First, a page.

Here lies the problem: the usefulness of the new kinds of traffic analysis that the technologies of surveillance and target communication make possible is enormous. It should not be difficult to convince legislators and judges that there is a compelling need to engage in these newly productive types of surveillance, especially when the surveillance can be justified as necessary for the “War on Terrorism.” But the risks to personal liberty, and to the personal autonomy that lies at the core of liberty, while unprecedented, are likely to be overlooked when framed within legal concepts developed under the impact of past technologies to distinguish areas in which people have a “reasonable expectation of privacy” from areas where they do not.
Furthermore, legislative and judicial decisions about striking the right balance between surveillance and privacy tend almost always to assume that the government will maintain the confidentiality of everything that it collects. In fact, experience shows that individual government officials and agents do not necessarily respect confidentiality obligations. The investigation of the Vice President’s office with respect to disclosing the identity of CIA agent Plame, FBI Director J. Edgar Hoover’s use of wiretap conversations to undermine the credibility of Martin Luther King, the role of FBI executive Mark Felt as Deep Throat in the Watergate controversy, FBI leaks about an individual suspected for a time of being the Atlanta Olympics bomber, and many other instances demonstrate that when even the most secretive government agencies have explosive information about individuals, the temptation to leak it is strong.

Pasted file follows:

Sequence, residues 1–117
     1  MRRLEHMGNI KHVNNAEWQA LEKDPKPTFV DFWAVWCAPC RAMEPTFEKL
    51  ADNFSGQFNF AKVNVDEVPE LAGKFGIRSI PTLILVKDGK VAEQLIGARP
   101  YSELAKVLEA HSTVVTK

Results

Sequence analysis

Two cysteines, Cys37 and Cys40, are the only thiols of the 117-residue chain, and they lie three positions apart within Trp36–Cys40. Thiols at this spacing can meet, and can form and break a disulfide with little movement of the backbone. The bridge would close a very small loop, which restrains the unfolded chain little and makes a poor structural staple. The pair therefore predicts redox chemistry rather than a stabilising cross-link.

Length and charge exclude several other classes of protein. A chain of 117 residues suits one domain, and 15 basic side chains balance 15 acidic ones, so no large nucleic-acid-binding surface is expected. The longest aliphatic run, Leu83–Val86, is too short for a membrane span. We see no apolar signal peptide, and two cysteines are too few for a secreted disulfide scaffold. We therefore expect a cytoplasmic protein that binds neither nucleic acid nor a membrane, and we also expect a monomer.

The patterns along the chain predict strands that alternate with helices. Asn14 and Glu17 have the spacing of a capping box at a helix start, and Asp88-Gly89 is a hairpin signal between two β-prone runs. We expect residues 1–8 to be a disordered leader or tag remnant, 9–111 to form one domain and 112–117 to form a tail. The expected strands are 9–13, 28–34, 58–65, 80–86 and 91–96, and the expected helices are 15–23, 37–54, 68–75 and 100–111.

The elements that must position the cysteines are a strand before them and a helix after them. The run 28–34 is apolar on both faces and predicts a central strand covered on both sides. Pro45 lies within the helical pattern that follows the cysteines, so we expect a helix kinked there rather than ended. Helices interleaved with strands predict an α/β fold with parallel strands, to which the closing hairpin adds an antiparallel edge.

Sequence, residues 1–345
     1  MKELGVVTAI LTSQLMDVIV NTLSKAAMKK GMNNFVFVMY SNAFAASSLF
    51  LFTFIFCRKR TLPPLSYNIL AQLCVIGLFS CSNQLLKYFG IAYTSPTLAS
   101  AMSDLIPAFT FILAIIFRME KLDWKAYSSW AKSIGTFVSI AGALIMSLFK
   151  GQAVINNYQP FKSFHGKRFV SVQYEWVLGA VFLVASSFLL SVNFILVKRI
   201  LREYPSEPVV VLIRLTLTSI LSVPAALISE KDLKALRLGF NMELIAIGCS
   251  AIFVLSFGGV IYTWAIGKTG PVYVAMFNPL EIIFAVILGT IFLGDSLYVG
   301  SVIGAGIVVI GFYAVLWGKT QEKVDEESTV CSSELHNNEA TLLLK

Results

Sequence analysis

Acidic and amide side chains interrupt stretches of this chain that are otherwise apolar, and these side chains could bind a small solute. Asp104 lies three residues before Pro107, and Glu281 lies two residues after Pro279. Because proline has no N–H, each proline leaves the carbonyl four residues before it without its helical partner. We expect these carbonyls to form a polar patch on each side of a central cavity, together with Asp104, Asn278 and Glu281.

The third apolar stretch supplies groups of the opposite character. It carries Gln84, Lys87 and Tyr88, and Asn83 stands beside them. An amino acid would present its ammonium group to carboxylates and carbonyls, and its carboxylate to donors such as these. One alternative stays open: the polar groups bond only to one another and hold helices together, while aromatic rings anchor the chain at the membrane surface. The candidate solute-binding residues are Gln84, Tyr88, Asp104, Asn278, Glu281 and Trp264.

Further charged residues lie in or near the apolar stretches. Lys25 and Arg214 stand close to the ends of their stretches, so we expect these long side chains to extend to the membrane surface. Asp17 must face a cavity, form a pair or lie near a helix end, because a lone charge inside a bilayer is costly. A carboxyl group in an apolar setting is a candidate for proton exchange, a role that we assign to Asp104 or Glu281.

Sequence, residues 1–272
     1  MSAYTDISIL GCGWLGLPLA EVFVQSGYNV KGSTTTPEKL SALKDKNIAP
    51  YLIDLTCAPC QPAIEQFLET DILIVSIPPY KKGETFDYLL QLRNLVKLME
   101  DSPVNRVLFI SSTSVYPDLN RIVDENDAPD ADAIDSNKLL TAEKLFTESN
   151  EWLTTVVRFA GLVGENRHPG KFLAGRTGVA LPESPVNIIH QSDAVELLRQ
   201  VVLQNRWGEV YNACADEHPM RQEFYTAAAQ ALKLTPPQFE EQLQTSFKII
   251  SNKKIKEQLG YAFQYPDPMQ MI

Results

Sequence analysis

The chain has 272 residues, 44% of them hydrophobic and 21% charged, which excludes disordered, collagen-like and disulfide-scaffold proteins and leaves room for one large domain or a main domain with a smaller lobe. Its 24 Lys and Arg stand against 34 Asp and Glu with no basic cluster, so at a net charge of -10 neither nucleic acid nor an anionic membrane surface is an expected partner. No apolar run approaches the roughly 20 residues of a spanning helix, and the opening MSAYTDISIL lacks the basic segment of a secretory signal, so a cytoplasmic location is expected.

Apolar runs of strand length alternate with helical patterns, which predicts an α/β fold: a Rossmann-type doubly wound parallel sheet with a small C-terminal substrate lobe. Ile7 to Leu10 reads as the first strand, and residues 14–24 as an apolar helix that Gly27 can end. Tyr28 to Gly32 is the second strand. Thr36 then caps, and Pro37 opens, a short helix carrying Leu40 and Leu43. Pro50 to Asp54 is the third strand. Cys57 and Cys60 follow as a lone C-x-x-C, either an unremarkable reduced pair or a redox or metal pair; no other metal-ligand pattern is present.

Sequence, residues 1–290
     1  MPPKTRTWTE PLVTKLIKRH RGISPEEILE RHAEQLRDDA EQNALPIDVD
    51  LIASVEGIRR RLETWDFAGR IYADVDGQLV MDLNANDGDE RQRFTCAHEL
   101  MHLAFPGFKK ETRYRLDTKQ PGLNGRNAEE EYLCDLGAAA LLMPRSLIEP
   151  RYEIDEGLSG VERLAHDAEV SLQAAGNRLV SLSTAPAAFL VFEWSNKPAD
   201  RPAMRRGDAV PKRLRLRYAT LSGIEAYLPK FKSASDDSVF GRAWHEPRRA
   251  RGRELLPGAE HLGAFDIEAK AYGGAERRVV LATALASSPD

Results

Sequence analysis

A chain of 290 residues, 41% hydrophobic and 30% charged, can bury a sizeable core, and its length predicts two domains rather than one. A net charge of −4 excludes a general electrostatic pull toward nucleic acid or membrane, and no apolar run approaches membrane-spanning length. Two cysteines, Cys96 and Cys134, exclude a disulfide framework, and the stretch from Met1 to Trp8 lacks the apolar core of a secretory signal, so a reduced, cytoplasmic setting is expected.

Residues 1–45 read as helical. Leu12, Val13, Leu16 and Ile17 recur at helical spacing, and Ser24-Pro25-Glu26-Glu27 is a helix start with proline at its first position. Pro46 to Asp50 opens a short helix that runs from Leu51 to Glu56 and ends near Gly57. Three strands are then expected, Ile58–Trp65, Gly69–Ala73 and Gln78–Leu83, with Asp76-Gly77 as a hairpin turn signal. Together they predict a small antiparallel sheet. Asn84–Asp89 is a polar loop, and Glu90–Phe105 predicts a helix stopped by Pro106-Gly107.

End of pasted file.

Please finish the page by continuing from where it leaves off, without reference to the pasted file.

Consider further what would be in the information pool subject to possible leaks if widespread traffic analysis is performed, either monitoring e-mail communications and cell phone communications or monitoring web browsing. The patternmatching tools are imprecise, and it is inevitable that someone engaging in perfectly innocuous activities would occasionally come under suspicion. Heightened suspicion means that more data would be collected and more attention paid to it. And minimization does not work very well in these new contexts. So communications and web browsing associated with suspect persons or subjects would be accompanied by data on other matters of a sensitive nature to the target, albeit unrelated to national security threats or to criminal activity, obviously including sexual relationships or interests that the target legitimately would not want exposed to others. The temptation to leak these kinds of traffic would be especially strong to a leaker who wants to injure the target, because the leaks would not jeopardize legitimate national security or criminal intelligence.